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The Republican Party, in one tweet

Is Bob Corker right about Trump? Sure. But he’s endangering tax cuts!

The ongoing feud between Republican Sen. Bob Corker, the retiring chair of the Senate Foreign Relations Committee, and President Donald Trump heated up again today. "The debasement of our nation is what Trump will be remembered most for,” Corker told CNN.

To summarize the arguments of the key participants here, Corker thinks Trump is a clear and present danger to the country and the world, and Trump believes Corker is short and wouldn’t have won reelection in Tennessee.

The widening rift between Corker and the president has put Corker’s colleagues in a difficult position. On the one hand, they overwhelmingly agree with Corker. On the other hand, their entire strategy has been to take their doubts about Trump’s leadership and character and lock them away in the deepest, darkest part of their psyches, to be exhumed once Obamacare is repealed, tax reform is passed, and the legacy-resuscitating memoir is ready to be written.

Corker is complicating that, and according to National Journal’s Josh Kraushaar, even his friends are frustrated:

This, truly, is the modern Republican Party in one tweet. Establishment conservatives agree with virtually everything Corker is saying, but the devil’s bargain they’ve made is that debasing themselves to support Trump will be worth it if they can reform the tax code and unwind Obamacare. But if they support Trump and fail to pass their agenda — as has been the case thus far — then they will have mortgaged their souls for nothing, and that will truly be unforgivable.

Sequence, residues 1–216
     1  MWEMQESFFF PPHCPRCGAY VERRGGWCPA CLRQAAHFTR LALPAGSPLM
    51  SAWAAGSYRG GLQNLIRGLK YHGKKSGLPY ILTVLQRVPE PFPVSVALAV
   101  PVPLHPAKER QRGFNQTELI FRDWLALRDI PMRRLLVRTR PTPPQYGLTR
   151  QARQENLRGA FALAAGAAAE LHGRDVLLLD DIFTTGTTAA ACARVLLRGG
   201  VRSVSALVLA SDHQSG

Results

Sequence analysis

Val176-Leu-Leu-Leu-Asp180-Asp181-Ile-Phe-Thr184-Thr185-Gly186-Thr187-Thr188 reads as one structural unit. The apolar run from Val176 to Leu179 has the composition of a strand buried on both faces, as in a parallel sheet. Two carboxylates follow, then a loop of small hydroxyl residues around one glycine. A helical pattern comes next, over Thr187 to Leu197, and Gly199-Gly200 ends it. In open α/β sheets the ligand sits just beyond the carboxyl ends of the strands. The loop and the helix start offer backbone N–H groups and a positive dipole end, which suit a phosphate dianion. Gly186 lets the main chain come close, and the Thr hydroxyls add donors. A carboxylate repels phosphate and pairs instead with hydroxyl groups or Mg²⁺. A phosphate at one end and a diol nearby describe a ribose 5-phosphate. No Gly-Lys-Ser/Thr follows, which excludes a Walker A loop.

Meanwhile, Corker will be remembered as one of the rare Republicans who spoke out against a president whom history will hold in abysmally low regard, and his example will make his colleagues’ cowardice look all the more craven. You can see why they’re pissed.

It’s worth noting that this is not just the way Republicans are treating their support for Trump — it’s the way they’re treating their support for all the extremist candidates their party is embracing. Alabama’s Roy Moore, for instance, believes homosexuality should be illegal, Muslims shouldn’t be permitted to serve in Congress, Sharia law is being imposed in unnamed American communities, and federal statutes should be ignored or superseded when they conflict with his interpretation of the Bible. He is as unfit to serve in federal office as any candidate in memory, and Washington’s Republicans know it — they mounted an all-out, albeit unsuccessful, campaign to defeat him in the primary.

So why endorse him now? “He’s going to be for tax reform, I think,” Ohio Sen. Rob Portman told Politico.